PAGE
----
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Car prices are increasing. Assemblers are facing cost pressures due to currency depreciation, increase in commodity prices, shortage of integral parts such as semiconductor chips, and a steep hike in freight costs. Recall that the government recently slashed taxes and duties on vehicles to help lower car prices. Obviously, the Ministry of Industries and EDB are not happy at this price increase, so soon after the relief provided to assemblers in the budget. Though at the same time, higher car prices suit the Ministry of Finance and SBP who are in the quest to reduce demand and lower the current account deficit.

Last month, one small player attempted to increase prices, but was snubbed by the government. Now bigger players are increasing prices. One big player that had not increased any of its car price since the launch has already communicated the price increase. Another—the industry leader—has also increased the prices. Others may follow. Expectedly, price increases will become effective from December and January, though not all cars will experience the same level of price hike and not all auto assemblers will raise prices.

This is a dynamic game. There are higher number of players in the market. Some models are selling like hot cakes while others are struggling. In a few cases, supply chain disruption is delaying deliveries – this is true for some models of Suzuki and Tucson. Vehicles that are high in demand have gotten pricier like Toyota Yaris and Kia Sportage. The assemblers may try their luck to sell cars at the same price where they have CKD inventories—true in the case of Sorento and Elantra. And where the delays are long, assemblers may refrain to increase prices – for example Tucson.

The increase in price in percentage terms could be higher for smaller cars – for example Picanto—as the freight cost is relatively higher for smaller cars. In the case of cars which were launched post budget, the assemblers have already kept enough margins in anticipation of cost escalation—this is the case for Honda City and Sonata. There might be no or little price increase in these cars.

KIA Lucky Motors increases prices of Sportage, Picanto and Carnival models

Lucky Motor has increased the prices by 7-15 percent. The higher jump is plausible, as the company is revising up the prices for the very first time. Indus Motor has also raised prices by 5-7 percent. Seeing this, Honda may have similar increase in Civic; but City is already at a premium to its competitor Yaris, and Honda may not change the price of that. Suzuki is tempted to increase prices as there is immense pressure from Japanese to do so – but in some models they are struggling to keep commitment on delivery times. Hence, the increase is expected to be less.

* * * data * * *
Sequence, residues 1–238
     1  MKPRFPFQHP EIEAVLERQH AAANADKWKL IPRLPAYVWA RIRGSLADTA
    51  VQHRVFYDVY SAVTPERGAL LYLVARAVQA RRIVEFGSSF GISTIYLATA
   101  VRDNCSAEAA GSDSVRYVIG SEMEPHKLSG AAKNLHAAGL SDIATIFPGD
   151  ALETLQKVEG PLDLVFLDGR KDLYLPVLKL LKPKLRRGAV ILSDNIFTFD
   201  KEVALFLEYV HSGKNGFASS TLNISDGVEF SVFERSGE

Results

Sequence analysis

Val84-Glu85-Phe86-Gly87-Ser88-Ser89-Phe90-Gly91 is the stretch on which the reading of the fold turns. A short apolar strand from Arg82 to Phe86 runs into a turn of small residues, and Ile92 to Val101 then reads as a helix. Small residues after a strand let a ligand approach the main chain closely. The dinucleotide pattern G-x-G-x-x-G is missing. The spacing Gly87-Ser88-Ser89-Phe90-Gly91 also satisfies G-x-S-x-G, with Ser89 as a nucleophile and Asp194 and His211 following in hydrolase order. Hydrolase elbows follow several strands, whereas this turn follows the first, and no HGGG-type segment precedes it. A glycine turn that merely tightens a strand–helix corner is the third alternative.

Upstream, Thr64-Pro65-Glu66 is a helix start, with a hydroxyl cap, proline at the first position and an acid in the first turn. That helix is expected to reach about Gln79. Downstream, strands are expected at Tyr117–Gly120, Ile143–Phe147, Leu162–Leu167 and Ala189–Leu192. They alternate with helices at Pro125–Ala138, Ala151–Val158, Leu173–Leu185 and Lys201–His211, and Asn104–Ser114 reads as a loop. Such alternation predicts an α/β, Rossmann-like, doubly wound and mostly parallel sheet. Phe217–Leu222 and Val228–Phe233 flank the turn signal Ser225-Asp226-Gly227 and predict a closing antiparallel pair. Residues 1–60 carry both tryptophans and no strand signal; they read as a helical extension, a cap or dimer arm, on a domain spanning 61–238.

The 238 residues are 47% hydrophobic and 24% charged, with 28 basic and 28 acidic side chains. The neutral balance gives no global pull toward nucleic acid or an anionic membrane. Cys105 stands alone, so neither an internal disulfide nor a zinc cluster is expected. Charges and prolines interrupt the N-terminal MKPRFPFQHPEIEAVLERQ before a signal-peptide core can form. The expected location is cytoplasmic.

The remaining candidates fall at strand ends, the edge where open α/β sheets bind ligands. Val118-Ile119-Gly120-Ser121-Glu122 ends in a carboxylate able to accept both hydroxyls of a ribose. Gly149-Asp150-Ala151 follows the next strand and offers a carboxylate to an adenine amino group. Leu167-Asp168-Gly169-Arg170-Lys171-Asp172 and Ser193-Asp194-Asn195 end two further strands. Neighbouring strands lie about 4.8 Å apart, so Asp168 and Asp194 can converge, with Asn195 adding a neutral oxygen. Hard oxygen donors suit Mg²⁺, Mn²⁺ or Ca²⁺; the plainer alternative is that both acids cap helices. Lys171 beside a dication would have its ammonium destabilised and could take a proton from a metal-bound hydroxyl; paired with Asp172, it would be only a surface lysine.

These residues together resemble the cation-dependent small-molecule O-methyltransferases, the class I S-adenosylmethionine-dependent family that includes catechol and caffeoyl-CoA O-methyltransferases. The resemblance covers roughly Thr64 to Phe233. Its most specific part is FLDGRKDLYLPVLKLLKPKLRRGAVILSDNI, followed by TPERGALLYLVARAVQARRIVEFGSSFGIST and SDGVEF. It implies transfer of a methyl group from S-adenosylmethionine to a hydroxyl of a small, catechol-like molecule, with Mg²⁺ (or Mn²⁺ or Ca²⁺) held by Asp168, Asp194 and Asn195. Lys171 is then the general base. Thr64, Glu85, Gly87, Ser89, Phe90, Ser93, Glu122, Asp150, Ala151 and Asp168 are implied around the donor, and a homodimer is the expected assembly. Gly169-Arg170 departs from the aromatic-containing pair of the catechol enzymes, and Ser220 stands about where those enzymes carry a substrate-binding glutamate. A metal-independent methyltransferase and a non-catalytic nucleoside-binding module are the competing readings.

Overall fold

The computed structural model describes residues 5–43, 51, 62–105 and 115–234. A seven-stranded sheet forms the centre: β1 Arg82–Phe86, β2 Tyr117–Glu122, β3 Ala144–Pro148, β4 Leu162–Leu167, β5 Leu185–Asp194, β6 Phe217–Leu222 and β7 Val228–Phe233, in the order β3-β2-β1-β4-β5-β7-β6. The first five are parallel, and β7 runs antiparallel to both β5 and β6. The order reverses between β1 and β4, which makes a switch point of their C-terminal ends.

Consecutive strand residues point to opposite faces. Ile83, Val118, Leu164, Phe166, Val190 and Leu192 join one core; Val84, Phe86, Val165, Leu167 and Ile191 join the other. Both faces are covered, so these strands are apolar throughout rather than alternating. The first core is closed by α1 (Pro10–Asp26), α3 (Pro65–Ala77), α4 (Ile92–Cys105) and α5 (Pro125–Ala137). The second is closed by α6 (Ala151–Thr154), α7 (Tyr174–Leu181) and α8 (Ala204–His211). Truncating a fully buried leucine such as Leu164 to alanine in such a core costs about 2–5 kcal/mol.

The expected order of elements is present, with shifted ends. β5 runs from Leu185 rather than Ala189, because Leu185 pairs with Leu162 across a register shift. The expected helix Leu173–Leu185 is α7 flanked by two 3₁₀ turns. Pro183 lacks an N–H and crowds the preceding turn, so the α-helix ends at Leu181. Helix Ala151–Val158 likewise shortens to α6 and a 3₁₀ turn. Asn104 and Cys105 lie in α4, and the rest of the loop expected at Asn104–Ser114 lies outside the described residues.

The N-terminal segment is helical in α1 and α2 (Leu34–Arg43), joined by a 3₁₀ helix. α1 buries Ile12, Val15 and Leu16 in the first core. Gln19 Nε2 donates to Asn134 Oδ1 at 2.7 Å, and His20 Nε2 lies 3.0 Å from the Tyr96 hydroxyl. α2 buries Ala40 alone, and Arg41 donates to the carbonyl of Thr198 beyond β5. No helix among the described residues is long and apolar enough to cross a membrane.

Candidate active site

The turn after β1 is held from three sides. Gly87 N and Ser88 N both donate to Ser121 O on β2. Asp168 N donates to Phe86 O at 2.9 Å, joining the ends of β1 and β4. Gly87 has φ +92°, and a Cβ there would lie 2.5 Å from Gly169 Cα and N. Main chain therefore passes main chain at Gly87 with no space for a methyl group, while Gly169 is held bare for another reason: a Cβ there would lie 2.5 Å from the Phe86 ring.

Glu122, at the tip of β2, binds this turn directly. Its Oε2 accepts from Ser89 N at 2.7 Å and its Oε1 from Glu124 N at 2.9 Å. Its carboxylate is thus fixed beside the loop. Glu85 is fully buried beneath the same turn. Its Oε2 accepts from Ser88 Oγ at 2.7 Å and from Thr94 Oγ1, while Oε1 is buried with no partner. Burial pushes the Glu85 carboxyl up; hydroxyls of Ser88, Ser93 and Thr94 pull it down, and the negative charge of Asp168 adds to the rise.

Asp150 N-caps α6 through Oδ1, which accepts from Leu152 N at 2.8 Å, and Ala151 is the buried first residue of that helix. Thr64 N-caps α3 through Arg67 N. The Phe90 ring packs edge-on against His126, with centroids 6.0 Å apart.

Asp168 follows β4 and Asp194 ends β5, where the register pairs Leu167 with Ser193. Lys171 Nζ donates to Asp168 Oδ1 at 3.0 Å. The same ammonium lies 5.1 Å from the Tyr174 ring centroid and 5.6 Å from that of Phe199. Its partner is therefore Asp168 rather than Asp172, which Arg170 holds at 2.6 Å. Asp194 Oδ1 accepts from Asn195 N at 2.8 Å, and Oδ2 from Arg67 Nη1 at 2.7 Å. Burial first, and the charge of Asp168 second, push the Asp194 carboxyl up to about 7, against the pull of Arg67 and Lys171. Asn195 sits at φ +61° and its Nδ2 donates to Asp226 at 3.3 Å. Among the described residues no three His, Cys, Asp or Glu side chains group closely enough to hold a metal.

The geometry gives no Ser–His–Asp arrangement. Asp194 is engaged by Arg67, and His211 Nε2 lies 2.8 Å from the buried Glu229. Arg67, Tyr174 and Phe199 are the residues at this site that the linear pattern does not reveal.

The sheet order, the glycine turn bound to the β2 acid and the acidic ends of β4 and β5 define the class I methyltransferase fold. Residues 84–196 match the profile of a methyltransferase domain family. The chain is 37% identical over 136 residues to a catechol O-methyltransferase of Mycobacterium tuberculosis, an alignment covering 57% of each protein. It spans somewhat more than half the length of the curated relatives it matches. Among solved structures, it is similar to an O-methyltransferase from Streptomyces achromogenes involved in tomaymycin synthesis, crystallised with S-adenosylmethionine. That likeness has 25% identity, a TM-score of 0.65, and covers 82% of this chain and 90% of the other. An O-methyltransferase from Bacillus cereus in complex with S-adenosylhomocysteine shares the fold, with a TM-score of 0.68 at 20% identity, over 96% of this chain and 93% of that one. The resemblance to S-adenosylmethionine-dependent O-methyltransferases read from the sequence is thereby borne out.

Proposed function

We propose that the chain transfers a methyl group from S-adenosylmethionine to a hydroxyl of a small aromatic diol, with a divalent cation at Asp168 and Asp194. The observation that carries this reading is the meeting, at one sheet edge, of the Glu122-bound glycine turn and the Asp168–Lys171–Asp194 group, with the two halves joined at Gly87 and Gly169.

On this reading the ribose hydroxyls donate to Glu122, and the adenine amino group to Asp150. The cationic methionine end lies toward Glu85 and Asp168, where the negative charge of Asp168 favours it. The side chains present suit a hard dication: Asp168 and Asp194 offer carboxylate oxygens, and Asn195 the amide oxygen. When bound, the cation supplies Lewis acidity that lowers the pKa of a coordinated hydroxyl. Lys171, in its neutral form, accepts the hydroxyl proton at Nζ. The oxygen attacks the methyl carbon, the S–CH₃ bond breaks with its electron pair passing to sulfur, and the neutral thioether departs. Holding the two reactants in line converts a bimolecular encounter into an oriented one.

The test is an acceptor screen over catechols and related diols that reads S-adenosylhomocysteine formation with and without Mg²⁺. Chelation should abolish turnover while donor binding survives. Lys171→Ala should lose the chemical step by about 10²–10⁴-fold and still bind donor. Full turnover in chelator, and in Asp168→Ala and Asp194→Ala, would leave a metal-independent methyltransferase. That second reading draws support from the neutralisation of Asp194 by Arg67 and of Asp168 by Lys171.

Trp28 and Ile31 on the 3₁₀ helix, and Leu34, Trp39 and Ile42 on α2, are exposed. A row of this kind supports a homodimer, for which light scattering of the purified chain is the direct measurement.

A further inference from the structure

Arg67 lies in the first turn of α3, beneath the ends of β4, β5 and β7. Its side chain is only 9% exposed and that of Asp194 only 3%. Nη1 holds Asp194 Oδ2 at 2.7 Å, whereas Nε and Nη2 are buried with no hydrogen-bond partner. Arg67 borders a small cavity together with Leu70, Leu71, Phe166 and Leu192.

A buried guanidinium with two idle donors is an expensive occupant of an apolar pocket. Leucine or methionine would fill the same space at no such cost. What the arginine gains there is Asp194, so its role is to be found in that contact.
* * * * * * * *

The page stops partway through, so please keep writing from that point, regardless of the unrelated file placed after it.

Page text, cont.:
Toyota Pakistan increases prices on its entire lineup

Nishat Hyundai is a safe player. It believes in margins, not volumes. The company is not spending top dollar on ECUs and is currently delivering smaller number of cars a month. The consumer is not happy with delays. Any price increase (in Tucson) could be detrimental for the vehicle’s brand image. Meanwhile, the company may not increase Elantra’s price to maintain a price competitive advantage against similar Sedan models in the markets including the newly launched compact SUV by Kia. Smaller players like Master Motors are likely to increase prices too.

The objective of lowering taxes and duties in the budget was to help boost vehicle sales and attain a critical mass of 500,000 cars a year, given that the industry is operating at half the capacity. The theory was that lower car prices, specially of smaller cars, would encourage volumes which are needed for substantial localisation. Specially for new entrants, localisation is pretty low. But if prices are raised again, the earlier move to slash duties would become redundant. This has been highlighted in this space already.

The new auto policy is in the making and soon it will be presented in the ECC and cabinet thereafter. One element in the new policy is the formation of a price monitoring body which would consist of representatives from government, industry, EDB, accountants and civil society. In the new policy, the government might want to get some control on pricing through SROs 655 and 656.

Price controls are tricky and more often than not, difficult to justify. But the auto industry does not operate in a free market since assemblers are protected heavily from imports and domestic competition was non-existent for decades until very recently when new entrants began launching cars. In fact, one could argue, that assemblers haven’t exactly faced true competition from even peers yet. Assemblers have always had pricing power, often at the expense of the consumer. That justifies opening the conversation on price curbs, specially when the recent government “carrots” to cut down its own tax revenue has ricocheted back with prices about to go back to pre-budget levels—which was always going to be happen if one thinks about it. Other important regulatory interventions such as ensuring quality and safety of the vehicles needs to be on the agenda as well.

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